Publications by authors named "Jill Clutter"

8 Publications

  • Page 1 of 1

White and Black Differences in Perceived Access to Health and Community Services and Self-Rated Health in an Age-Friendly Community Assessment.

J Appl Gerontol 2021 Jun 11:7334648211023251. Epub 2021 Jun 11.

Age-Friendly Innovation Center, Columbus, USA.

Objectives: This study sought to identify the race differences in perceived access to health and community services and self-rated health (SRH) among White and Black older adult participants of an age-friendly community assessment.

Methods: Responses ( = 313) to a baseline assessment of Columbus, Ohio, residents aged ≥50 years were analyzed.

Results: Significant differences were found between White and Black older adults regarding SRH, with Black older adults reporting lower SRH. Black older adults reported significantly lower perceived access to 11 out of the 13 health and community services. There were no significant differences by race regarding ratings of Columbus and personal neighborhoods as a place for people to live as they age. Regression analyses found income was a significant predictor of SRH for both White and Black older adults.

Discussion: Opportunities to increase perceived access and knowledge of health and community services for older adults through targeted, equitable interventions are warranted.
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http://dx.doi.org/10.1177/07334648211023251DOI Listing
June 2021

A Comparison of Attrition Rates in Dental Hygiene Programs Using Selective and Nonselective Admissions.

J Dent Hyg 2016 Dec;90(6):379-385

The purpose of this study was to determine if there is a difference between attrition rates for dental hygiene programs that use selective admissions and nonselective admissions. Admissions to dental hygiene programs is based on a predetermined class size; therefore, applicants must meet the criteria to be considered for selection. Dental hygiene programs want to retain their enrolled students and maximize their student successes; therefore, it is imperative to validate current admissions practices that help reduce attrition rates. An online survey consisting of forced choice and open-ended questions was sent to the directors of accredited dental hygiene programs in the United States. Surveys were analyzed using descriptive statistics and frequency distributions. Open-ended questions were analyzed using the constant comparative method to identify recurring themes. Ninety-nine surveys were returned for a 30% response rate. There was no statistical difference in attrition rates when selective or nonselective admissions criteria was used in dental hygiene programs (year 2011 p=.435 and year 2012 p=.784). Results of this study also showed baccalaureate degree dental hygiene programs have significantly higher completion rates than associate degree dental hygiene programs (2011 p=.002 and 2012 p=.005). Evidence from this study suggests there is no difference between attrition rates for dental hygiene programs that use selective admissions versus nonselective admissions. Additionally, this study determined that baccalaureate degree dental hygiene programs have less attrition compared to associate degree dental hygiene programs.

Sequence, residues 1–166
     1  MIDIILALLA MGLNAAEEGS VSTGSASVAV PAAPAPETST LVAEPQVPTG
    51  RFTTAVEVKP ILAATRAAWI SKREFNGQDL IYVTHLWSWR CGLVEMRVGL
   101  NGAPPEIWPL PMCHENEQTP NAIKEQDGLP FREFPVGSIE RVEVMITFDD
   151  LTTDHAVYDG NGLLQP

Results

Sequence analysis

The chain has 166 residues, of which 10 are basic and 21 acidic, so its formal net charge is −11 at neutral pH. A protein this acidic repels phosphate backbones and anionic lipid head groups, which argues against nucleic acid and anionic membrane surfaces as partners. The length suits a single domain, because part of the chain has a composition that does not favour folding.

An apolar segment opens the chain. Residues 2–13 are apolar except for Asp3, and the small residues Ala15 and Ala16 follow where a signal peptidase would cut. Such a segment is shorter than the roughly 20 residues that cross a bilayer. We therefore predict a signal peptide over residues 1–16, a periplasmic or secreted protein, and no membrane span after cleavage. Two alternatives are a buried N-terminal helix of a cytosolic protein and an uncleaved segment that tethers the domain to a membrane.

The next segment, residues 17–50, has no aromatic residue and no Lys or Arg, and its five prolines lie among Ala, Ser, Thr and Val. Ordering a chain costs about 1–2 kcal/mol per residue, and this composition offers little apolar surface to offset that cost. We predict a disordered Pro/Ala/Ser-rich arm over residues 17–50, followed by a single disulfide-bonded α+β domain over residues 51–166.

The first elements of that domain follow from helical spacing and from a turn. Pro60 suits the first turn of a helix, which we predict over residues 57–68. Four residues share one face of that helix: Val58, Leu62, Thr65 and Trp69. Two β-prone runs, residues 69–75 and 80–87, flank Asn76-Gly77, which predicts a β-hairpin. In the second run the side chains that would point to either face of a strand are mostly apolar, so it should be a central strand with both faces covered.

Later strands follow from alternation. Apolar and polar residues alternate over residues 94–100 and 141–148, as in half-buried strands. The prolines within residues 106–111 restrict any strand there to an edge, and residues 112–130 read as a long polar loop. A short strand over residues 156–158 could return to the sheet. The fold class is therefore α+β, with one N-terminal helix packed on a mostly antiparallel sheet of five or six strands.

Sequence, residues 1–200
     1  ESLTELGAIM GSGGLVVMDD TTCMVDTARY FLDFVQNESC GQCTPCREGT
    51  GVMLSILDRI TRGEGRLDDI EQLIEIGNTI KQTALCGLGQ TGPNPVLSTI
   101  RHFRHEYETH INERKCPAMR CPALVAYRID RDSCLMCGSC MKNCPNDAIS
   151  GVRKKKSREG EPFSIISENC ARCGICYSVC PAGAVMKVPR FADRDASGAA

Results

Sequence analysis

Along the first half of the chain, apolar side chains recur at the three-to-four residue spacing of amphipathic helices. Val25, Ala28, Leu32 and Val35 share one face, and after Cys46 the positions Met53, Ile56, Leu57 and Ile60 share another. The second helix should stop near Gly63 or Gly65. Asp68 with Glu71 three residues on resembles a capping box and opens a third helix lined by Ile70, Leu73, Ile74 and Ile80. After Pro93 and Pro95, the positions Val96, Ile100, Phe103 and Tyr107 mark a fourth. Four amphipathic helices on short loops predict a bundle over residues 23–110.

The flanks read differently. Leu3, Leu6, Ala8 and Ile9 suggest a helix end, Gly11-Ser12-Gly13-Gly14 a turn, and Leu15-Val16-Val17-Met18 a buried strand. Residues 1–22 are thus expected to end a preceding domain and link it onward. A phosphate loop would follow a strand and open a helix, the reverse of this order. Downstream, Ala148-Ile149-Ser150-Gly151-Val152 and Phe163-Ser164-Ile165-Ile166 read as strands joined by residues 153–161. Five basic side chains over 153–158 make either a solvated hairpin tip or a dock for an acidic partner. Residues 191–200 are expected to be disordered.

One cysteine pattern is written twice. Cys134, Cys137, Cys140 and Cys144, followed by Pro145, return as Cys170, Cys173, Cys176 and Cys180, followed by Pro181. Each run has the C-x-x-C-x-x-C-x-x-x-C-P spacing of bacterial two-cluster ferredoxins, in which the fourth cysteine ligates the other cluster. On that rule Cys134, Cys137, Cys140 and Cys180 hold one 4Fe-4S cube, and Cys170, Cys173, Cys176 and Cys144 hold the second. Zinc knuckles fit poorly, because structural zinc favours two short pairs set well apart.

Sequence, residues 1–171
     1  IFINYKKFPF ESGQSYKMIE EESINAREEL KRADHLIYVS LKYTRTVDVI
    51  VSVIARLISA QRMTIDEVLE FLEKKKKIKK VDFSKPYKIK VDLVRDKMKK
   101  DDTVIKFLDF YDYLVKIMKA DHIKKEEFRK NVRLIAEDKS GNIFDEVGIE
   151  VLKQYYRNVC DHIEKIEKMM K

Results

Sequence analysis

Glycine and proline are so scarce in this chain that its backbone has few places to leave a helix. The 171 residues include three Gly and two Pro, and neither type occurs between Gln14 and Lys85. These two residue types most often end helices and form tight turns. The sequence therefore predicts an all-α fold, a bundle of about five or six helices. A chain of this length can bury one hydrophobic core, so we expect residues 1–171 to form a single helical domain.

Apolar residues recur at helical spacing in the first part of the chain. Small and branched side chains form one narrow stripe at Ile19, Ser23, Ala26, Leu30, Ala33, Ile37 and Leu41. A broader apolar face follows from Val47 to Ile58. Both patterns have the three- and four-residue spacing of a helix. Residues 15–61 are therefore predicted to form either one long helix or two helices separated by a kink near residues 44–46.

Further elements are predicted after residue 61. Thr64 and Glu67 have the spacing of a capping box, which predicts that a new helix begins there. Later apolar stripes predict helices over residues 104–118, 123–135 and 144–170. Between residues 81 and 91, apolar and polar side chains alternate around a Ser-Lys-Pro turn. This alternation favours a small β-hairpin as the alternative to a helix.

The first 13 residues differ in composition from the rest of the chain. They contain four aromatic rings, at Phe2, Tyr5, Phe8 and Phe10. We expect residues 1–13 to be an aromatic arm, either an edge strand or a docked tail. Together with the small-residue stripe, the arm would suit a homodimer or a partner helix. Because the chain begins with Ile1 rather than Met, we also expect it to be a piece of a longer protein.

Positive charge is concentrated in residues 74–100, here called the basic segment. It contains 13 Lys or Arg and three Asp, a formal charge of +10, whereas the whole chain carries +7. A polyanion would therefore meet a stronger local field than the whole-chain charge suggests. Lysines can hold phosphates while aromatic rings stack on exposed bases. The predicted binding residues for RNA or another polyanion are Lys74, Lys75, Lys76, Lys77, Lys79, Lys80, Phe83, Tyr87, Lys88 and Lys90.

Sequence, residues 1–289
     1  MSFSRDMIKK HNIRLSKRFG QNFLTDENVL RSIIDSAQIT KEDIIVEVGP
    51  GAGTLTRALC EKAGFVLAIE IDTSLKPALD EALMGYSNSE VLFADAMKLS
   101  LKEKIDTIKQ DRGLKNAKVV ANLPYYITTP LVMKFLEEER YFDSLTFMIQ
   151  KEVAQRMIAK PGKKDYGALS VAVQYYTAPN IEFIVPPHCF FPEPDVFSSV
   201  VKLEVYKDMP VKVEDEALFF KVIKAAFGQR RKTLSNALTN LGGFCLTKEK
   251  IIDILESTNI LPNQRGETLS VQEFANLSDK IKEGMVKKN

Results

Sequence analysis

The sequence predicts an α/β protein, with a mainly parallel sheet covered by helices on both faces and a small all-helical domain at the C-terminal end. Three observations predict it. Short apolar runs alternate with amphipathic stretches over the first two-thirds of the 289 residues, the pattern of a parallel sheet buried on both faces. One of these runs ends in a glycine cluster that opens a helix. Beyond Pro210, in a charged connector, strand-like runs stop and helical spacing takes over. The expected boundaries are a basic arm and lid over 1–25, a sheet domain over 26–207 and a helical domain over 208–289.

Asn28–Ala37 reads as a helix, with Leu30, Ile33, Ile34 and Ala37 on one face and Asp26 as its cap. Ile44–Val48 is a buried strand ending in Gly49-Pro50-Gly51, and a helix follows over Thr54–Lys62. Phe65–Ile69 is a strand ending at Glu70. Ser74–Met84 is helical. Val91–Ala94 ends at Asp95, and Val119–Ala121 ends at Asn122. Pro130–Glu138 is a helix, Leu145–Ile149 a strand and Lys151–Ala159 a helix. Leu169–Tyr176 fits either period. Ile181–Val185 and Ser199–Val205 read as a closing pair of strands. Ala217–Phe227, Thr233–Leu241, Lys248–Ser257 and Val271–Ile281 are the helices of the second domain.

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December 2016

Learning Style of Undergraduate Allied Health Students: clinical versus classroom.

J Allied Health 2013 ;42(4):223-8

The Ohio State University, 306 Atwell Hall, 453 W 10th Avenue, Columbus, OH 43210, USA. Tel 614-688-3811, fax 614-292-0210.

Background: Recognizing and valuing the diversity of student learning and learning styles allow educators to construct more effective and efficient teaching methods and create mutually beneficial learning environments.

Methods: Kolb(s Learning Style Inventories (LSI) were administered to 82 seniors enrolled in a School of Allied Health at a large midwestern university. The students completed LSI in relation to both their didactic and clinical coursework. Sets of instruments were matched and evaluated using descriptive statistics.

Results: Overall, in the didactic classroom setting, 24.2% (n=16) of the students were divergers, 28.8% (n=19) were accommodators, 19.4% (n=13) were convergers, and 27.3% (n=18) were assimilators. In the clinical settings, 27.8% (n=20) of the students were divergers, 36.1% (n=26) were accommodators, 23.6% (n=17) were convergers, and only 12.5% (n=9) were assimilators. Learning style did change for 66.7% (n=10) of athletic training majors. Over half of the students in medical dietetics, radiological sciences, and respiratory therapy LSIs did not change from classroom to clinical.

Conclusion: The diverse nature of the students' preferences reinforces the need for various teaching strategies. Both the students and the educators need to work cooperatively to maximize the balance of the learning environment and make meaning of the educational experience.
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August 2014

Distance learning and the internet in respiratory therapy education.

Respir Care 2011 Nov 20;56(11):1808-11. Epub 2011 May 20.

School of Allied Medical Professions, The Ohio State University, Columbus, OH, USA.